Spirituality, Corporate Culture, and American Business

The Neoliberal Ethic and the Spirit of Global Capital

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James Dennis LoRusso
Critiquing Religion: Discourse, Culture, Power
  • New York, NY: 
    Bloomsbury Academic
    , February
     216 pages.
     For other formats: Link to Publisher's Website.


With few exceptions, academic studies of workplace spirituality range in interpretive approach from apologetic to celebratory. These studies have described the recent phenomenon of corporate-promoted spirituality as both good for business, and good for the soul; a win-win for employers and employees alike. James Dennis LoRusso’s Spirituality, Corporate Culture, and American Business, however, is one of the exceptions in that it offers a sustained, and frankly well-needed, historicized critique of the expanding enterprise of workplace spirituality and its self-justifying business-minded tautologies.

In seven chapters, LoRusso shows the reader how the language and practice of spirituality in the corporate workplace is complicit with neoliberalism. LoRusso begins with his visit to a 2011 International Faith and Spirit at Work conference that was sponsored by the Tyson Center for Faith and Spirituality in the Workplace, an affiliate of the Sam M. Walton College of Business at the University of Arkansas. This point of entry into the conversation is significant in that it directly connects LoRusso’s account of a workplace spirituality movement that emerged in the 1980s and 1990s to the evangelical religious promotions of “Christian free enterprise” that historian Bethany Moreton describes in To Serve God and Wal-Mart (Harvard University Press, 2009). As LoRusso notes, for example, Tyson Foods—for which the Center is named—promotes its corporate chaplaincy program as a way to create a “faith-friendly” workplace of all religious believers, including its Muslim employees. But underneath this accommodating tone for the spiritual needs of all employees, regardless of their religious tradition, is a particular sectarian belief that, more often than not, is libertarian, free-market, self-conscious, and business friendly. In short, this book is about the spiritual psychology of “Christian free enterprise,” as professed and prescribed by its corporate promoters.

The bulk of the book works through the ideas of business leaders, revealing their ontological assumptions about workers, management, and capital. LoRusso argues that “spirituality” became “entangled with business during the latter half of the twentieth century precisely because it has, at least in part, proved to be a useful strategy for bolstering the power of business elites” (11). He shows, for example, how the work of humanist psychologist Abraham Maslow undergirded the new management approaches of the 1950s, ‘60s, and ‘70s that envisioned the workplace as not just for work, but also for self-actualization. With a reference to Max Weber, LoRusso makes it clear that these business elites offered their workers the feeling of vocation, the feeling that they were working out their salvation and creating spiritual meaning in their jobs. And without exactly saying that such an offer was mere bluster, and without using the Marxian language of masking, LoRusso does let it be known—in the final chapter on the Café Gratitude coffee chain—that such offers “preserve the interests of the business owners” and “undercut the authority of employees” (145).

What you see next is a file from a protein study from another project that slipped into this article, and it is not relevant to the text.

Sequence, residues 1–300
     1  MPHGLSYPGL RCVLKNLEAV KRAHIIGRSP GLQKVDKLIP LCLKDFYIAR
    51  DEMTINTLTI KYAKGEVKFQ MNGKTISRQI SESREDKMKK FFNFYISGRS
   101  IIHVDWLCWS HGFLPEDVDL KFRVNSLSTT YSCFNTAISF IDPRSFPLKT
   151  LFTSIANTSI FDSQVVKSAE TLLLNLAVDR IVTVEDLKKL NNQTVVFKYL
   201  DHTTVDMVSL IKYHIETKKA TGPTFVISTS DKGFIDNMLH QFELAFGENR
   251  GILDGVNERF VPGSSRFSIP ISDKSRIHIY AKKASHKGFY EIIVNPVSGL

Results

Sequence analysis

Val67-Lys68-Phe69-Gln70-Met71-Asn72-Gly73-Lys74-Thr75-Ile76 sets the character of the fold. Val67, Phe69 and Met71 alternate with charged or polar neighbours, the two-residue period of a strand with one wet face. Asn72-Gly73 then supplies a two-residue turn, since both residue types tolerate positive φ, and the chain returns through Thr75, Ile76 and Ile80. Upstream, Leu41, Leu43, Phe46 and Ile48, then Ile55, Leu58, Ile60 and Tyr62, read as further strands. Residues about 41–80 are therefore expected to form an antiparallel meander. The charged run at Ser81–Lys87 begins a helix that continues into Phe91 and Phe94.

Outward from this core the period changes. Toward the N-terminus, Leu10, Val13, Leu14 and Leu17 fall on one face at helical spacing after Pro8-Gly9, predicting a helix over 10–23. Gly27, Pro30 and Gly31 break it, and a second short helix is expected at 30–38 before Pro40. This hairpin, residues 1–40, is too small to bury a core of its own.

In clear and concise prose, LoRusso takes the reader through the key ideas of the major players that directly contributed to the emergence of workplace spirituality in the twenty-first century. He examines the language of spirituality in figures such as Apple icon Steve Jobs, who considered his spiritually-enlightened individualism transcendent of society, and beyond governmental constraints; and Whole Foods’ founder John Mackey, who championed a libertarian spirituality that viewed any governmental interference an impediment to the individual freedom of business entrepreneurship—whether this was organized labor as morally threatening, or “Obama Care” as a “form of Fascism” (97).

While this book does include a few interviews, it is not an ethnography of the workplace, and as such, it does not describe in rich detail the practice of spirituality within it. The reader is left wondering how workers, as well as managers, respond to such promotions. Are they skeptical? Do they find ways to reshape or resist managerial efforts? What this book does well, and why it should be read by anyone interested in religion and capitalism—or American religious history—is that it offers a historical narrative with which to critically interpret workplace spirituality. Focusing on what LoRusso describes as “the voice of religious liberals, so-called New Agers, and generic spiritual eclectics,” the book expands the conversation on workplace spirituality to include others beyond the evangelical believers in ‘Christian free enterprise’” (167). And it ends with an important suggestion which is that all of these business actors, from the Christian companies of Hobby Lobby and Chick-Fil-A to the “spiritual eclectics” of Apple and Whole Foods, may indeed be connected by something transcendent: the spiritual pursuit of free-market capitalism. What then is American religion, but another name for neoliberalism?

About the Reviewer(s): 

Chad Seales is associate professor of religion at the University of Texas at Austin.

Date of Review: 
June 21, 2017
About the Author(s)/Editor(s)/Translator(s): 

James Dennis LoRusso is a postdoctoral research fellow at the Center for the Study of Religion, Princeton University.



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